Election 2022: A Guide to the Candidates

“Freedom of Speech,” 2018 by Hank Willis Thomas, Emily Shur, Eric Gottesman and Wyatt Gallery. Check out this article on this amazing series.

Belmont’s annual Town Election is just around the corner and the stakes this year – like most years – are high. We have a contested race for the Select Board that pits a newcomer, former Jamaica Jeff’s owner Jeff Lasseter against incumbent Select Board member Roy Epstein. There are competitive races for the newly created Light Board as well as Board of Health.

For Town Meeting – Belmont’s legislature – this year is unusual: the decennial census resulted in changes to the dimensions of four of Belmont’s 8 precincts, which necessitates a total “refresh” in those precincts with all 36 members of the Precinct’s Town Meeting delegation needed to stand for office at the same time – that’s a lot of races, to say the least.

To help sort out the options for voters, in the last two weeks, I circulated a survey to candidates whose names appear on the April ballot. So far, 144 candidates responded (with more likely to come in in the days ahead). I’ve posted their responses online and made them available to Blogging Belmont readers. You can check out the Voter’s Guide using the button below.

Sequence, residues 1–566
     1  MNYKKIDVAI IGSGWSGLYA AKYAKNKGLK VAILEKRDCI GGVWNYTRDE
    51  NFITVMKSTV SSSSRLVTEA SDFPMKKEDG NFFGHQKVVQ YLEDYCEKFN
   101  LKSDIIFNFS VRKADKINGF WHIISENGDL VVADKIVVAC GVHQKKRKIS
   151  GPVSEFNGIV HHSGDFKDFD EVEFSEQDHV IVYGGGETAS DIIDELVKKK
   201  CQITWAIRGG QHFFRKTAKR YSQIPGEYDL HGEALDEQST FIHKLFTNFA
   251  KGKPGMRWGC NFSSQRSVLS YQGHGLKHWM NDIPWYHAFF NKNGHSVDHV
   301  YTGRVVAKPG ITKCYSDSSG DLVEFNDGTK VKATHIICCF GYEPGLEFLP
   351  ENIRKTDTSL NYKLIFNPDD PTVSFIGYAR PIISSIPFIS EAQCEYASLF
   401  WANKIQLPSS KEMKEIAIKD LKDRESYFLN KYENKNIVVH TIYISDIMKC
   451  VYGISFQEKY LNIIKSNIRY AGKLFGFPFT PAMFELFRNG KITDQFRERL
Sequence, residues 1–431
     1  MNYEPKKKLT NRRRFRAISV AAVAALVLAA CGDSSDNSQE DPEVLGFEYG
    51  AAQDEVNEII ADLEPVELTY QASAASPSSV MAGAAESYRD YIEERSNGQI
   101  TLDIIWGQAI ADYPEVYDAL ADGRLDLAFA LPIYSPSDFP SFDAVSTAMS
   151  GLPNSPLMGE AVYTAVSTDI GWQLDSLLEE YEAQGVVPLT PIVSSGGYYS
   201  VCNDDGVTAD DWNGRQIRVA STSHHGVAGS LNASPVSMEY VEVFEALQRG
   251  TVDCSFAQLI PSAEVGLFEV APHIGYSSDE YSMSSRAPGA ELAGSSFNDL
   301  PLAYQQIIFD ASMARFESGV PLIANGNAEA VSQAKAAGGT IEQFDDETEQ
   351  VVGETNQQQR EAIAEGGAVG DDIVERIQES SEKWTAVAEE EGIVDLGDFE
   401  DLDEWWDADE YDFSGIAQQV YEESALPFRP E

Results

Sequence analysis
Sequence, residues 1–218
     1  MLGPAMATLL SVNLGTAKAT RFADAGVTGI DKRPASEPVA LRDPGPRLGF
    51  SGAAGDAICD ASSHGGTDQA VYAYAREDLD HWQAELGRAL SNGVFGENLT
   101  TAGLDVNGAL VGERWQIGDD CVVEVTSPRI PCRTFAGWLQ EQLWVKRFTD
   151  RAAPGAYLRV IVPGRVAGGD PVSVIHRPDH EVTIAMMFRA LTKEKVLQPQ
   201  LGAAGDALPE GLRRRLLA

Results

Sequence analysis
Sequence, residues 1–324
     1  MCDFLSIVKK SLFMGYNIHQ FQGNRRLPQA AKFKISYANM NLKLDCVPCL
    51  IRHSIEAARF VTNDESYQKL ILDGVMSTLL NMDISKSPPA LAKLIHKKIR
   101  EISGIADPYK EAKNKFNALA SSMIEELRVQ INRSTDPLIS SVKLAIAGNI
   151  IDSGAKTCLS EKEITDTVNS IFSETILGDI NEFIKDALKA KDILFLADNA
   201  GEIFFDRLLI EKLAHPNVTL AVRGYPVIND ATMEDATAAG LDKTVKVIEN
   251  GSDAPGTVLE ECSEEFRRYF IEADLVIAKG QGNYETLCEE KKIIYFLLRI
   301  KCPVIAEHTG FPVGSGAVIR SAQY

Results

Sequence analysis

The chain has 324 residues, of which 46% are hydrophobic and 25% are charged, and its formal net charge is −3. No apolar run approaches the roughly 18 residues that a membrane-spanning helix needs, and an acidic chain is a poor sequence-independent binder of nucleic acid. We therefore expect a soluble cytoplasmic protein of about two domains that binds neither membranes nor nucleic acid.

If you’re a candidate whose name is on the ballot, but you haven’t yet filled out the survey, feel free to message me on Facebook, or text me: 617 817 0198. I’ll get you the link and password to complete the survey. This is an online guide, so we can update it as new information comes online and late is better than never.

Why a voters’ guide? 

The goal here is two fold. 

First: I wanted voters to have as much information to guide their decision making when they go to vote April 5. Belmont has some weighty problems ahead that our elected officials will have to juggle: from a multi-million dollar structural budget deficit, to urgent capital needs (the Library, the Viglirolo rink), to reinvigorating our business districts following the pandemic to completing the Community Path. Hearing candidates thoughts on what issues are most important to them can help ensure that our elected government represents the priorities and concerns of residents. 

Second: I felt we needed more information and attention going into local elections, which are almost always low turnout affairs. The League of Women Voters survey is awesome and they do amazing work to raise awareness about local elections. But it is limited by its form – namely: the space and timing constraints of a printed guide. The annual LWV “parade” of candidates is also limited by its format and does little to advance voters understanding of where individuals stand on the issues that matter to Belmont.

Fortunately, technology has solved these problems of space and access. An online survey allows us to share the final results in ways that reach a population that increasingly gets its information online. Thus: the Blogging Belmont Candidates’ Survey

Take a few moments to review the responses. I hope they help to inform your decisions on April 5. And, by all means, share this survey around to your friends in town. The more participation (and democracy), the better for our Town of Homes.